- 11. Coleman-Jensen, A., Gregory, C., and Singh, A. (2014). Household Food Security in the United States in 2013, ERR-173, U.S. Department of Agriculture, Economic Research Service.
- 12. Cunnyngham, K. E. (2015). Reaching Those in Need: State Supplemental Nutrition Assistance Program Participation Rates in 2012. Alexandria, VA: U.S. Department of Agriculture, Food and Nutrition Service.
- 13. Eslami, E. (2014). Trends in Supplemental Nutrition Assistance Program Participation Rates: Fiscal Year 2010 to Fiscal Year 2012. Food and Nutrition Service, U.S. Department of Agriculture. Retrieved from http://www.fns.usda.gov/sites/default/files/ops/Trends2010-2012-Summary.pdf
- 14. U.S. Department of Agriculture, Food and Nutrition Service, Office of Research and Analysis. (2012). Building a Healthy America: A Profile of the Supplemental Nutrition Assistance Program. Alexandria, VA: U.S. Department of Agriculture, Food and Nutrition Service. 16.
- 15. Mancino, L. and Guthrie, J. (2014). USDA Economic Research Service-SNAP Households Must Balance Multiple Priorities To Achieve a Healthful Diet. Retrieved from http://www.ers.usda.gov/amber-waves/2014-november/snap-households-must-b...
- 16. Condon, E., et al. (2015). Diet Quality of Americans by SNAP Participation Status: Data from the National Health and Nutrition Examination Survey, 2007-2010. Food and Nutrition Service, U.S. Department of Agriculture. Retrieved from http://www.fns.usda.gov/sites/default/files/ops/NHANES-SNAP07-10.pdf.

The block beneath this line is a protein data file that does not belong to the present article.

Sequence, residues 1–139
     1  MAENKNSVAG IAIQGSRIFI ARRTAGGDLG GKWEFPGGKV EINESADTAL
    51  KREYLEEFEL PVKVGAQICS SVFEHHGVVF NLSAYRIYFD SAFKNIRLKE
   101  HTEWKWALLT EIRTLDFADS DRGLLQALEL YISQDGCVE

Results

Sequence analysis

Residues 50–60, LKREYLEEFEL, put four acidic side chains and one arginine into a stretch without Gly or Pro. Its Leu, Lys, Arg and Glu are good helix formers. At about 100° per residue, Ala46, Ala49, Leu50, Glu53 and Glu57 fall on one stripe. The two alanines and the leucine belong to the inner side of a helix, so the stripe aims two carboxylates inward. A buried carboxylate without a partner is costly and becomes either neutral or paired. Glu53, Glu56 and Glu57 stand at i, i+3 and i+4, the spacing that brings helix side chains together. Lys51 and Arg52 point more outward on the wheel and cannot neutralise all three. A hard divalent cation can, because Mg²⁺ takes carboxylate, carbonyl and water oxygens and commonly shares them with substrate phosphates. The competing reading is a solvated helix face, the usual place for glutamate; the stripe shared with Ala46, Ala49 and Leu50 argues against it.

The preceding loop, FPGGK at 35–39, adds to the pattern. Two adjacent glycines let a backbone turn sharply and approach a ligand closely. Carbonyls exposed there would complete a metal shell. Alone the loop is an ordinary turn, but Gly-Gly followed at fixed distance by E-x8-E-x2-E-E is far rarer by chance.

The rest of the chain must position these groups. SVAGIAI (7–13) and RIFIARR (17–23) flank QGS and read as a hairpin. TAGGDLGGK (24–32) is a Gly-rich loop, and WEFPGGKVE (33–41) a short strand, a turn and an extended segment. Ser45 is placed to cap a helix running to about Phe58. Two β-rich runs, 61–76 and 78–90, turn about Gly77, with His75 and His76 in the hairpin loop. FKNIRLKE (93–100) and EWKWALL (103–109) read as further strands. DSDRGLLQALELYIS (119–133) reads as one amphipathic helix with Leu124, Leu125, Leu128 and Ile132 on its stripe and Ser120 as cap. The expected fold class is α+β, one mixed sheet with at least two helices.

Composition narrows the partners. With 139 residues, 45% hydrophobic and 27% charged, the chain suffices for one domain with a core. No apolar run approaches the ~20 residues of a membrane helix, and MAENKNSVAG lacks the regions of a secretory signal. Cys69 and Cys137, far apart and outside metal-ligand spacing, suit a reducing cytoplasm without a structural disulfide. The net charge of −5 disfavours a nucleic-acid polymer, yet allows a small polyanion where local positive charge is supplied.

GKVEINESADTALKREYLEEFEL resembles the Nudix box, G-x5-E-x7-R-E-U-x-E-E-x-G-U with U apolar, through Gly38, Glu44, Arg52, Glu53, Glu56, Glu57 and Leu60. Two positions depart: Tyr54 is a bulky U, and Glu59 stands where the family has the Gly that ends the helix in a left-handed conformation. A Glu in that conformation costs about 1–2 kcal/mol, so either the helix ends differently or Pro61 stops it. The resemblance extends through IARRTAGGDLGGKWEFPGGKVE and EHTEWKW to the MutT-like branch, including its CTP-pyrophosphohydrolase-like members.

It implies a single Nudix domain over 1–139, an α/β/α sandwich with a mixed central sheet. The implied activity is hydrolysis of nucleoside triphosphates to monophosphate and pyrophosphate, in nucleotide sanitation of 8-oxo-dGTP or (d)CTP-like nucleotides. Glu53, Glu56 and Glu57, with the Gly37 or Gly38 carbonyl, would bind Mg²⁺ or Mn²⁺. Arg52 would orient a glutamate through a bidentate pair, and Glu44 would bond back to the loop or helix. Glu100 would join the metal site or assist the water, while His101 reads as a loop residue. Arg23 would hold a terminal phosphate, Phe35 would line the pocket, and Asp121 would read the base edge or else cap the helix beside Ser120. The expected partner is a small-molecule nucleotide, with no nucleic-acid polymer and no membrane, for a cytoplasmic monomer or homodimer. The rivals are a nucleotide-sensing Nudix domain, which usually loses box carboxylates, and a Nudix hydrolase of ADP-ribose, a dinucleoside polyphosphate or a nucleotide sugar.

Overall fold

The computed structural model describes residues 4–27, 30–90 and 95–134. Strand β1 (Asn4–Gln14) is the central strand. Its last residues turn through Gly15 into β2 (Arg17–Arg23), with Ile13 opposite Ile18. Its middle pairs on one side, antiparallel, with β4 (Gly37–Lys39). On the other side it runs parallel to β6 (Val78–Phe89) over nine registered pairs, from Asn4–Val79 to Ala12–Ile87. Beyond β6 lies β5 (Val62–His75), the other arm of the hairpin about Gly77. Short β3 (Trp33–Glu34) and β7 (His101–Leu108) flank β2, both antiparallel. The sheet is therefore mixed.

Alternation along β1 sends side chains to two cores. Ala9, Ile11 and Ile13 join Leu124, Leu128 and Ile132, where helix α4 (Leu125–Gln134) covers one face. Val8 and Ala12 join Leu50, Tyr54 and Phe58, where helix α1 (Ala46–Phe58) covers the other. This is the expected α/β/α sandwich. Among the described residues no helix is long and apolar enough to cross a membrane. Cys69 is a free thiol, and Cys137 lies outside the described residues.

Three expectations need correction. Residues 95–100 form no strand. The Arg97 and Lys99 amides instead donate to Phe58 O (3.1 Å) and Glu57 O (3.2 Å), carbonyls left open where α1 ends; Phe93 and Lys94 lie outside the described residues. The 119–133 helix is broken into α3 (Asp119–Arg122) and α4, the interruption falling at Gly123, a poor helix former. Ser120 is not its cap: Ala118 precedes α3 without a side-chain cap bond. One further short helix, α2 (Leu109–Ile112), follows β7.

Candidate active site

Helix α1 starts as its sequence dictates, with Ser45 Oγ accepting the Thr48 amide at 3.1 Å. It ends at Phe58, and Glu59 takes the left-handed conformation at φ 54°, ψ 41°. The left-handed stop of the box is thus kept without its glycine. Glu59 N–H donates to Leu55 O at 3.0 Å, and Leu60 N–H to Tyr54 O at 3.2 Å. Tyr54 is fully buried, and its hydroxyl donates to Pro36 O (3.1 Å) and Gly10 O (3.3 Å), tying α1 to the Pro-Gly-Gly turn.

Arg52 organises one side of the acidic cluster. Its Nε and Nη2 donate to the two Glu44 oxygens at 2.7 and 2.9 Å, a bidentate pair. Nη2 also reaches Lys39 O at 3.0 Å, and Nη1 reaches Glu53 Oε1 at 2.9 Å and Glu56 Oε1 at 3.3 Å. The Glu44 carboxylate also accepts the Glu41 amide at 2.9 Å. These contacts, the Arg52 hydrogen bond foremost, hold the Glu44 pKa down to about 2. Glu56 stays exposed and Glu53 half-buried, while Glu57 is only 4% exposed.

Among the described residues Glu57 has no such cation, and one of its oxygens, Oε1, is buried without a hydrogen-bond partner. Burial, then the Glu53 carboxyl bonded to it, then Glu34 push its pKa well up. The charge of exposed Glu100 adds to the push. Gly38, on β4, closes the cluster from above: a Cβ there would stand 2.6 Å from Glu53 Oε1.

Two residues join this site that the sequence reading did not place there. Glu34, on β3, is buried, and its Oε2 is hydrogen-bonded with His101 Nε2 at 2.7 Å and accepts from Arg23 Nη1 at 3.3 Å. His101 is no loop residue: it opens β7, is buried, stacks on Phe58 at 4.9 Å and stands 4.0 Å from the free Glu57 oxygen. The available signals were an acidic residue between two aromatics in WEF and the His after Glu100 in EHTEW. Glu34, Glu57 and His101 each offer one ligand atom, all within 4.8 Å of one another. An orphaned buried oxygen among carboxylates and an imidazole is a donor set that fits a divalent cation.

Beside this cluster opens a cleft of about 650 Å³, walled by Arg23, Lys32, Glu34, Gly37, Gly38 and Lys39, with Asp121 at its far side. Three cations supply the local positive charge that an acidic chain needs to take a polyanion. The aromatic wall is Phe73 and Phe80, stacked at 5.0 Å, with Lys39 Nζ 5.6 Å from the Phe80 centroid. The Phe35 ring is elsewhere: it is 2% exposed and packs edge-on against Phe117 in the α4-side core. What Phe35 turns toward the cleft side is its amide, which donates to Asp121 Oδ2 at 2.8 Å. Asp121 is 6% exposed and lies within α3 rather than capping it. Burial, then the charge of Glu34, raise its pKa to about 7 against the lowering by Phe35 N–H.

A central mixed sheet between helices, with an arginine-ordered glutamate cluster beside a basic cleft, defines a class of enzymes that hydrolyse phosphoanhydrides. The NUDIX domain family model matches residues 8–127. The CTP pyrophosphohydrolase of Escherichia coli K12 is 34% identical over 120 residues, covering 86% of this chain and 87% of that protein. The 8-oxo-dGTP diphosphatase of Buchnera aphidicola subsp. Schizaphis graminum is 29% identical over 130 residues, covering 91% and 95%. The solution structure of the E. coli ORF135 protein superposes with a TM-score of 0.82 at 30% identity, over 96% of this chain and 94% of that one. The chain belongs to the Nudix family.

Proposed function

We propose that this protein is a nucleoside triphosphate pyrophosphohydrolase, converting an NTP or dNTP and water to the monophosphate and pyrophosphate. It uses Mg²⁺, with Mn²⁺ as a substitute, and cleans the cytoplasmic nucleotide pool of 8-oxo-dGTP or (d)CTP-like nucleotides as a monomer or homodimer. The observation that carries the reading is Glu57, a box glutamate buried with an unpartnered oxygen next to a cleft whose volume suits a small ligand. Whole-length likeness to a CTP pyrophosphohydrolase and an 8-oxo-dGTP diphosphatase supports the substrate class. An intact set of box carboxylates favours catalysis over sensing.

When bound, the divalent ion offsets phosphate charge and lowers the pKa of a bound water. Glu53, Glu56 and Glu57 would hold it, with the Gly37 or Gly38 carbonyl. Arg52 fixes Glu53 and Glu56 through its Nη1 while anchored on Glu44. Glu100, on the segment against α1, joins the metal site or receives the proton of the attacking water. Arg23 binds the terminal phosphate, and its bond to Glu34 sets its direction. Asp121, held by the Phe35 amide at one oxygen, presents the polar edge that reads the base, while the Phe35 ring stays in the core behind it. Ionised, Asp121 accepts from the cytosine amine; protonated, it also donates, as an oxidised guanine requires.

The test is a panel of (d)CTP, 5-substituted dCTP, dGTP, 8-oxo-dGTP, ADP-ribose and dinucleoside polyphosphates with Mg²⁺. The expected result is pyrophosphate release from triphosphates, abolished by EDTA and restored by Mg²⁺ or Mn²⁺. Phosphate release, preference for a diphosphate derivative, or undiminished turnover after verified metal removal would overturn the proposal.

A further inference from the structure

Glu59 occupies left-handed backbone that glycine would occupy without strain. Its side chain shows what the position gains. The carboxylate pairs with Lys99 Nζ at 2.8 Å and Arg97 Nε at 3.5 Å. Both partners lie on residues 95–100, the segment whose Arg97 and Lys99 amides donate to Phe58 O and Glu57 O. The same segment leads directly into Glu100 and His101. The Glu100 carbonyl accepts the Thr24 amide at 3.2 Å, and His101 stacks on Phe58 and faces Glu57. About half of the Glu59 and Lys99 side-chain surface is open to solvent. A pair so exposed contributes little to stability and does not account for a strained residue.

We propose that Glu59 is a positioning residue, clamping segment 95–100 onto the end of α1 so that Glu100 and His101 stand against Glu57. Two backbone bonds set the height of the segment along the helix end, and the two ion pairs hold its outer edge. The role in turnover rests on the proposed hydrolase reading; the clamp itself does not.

- 17. See Mancino, L. and Guthrie, J. (2014). USDA Economic Research Service-SNAP Households Must Balance Multiple Priorities To Achieve a Healthful Diet, Retrieved from http://www.ers.usda.gov/amber-waves/2014-november/snap-households-must-b...
- 18. Condon, E., et al. (2015). Diet Quality of Americans by SNAP Participation Status: Data from the National Health and Nutrition Examination Survey, 2007-2010. Food and Nutrition Service, U.S. Department of Agriculture. Retrieved from http://www.fns.usda.gov/sites/default/files/ops/NHANES-SNAP07-10.pdf.
- 19. Wang, D. D., et al. (2014). Trends in Dietary Quality Among Adults in the United States, 1999 through 2010, JAMA Internal Medicine 174(10):1587-1595.
- 20. Seligman, H. K., et al. Exhaustion of Food Budgets at Month’s End and Hospital Admissions for Hypoglycemia. Health Affairs 33.1 (2014): 116-123 and J. Shapiro (2005) “Is There a Daily Discount Rate? Evidence from the Food Stamp Nutrition Cycle” Journal of Public Economics.
- 21. Wilde, P. E. and Ranney, C.K. (2000), The Monthly Food Stamp Cycle: Shopping Frequency and Food Intake Decisions in an Endogenous Switching Regression Framework, American Journal of Agricultural Economics 82.1 (2000): 200-213 and Seligman, H. K., et al. Food Insecurity is Associated with Diabetes Mellitus: Results from the National Health Examination and Nutrition Examination Survey (NHANES) 1999–2002 Journal of General Internal Medicine 22.7 (2007): 1018- 1023.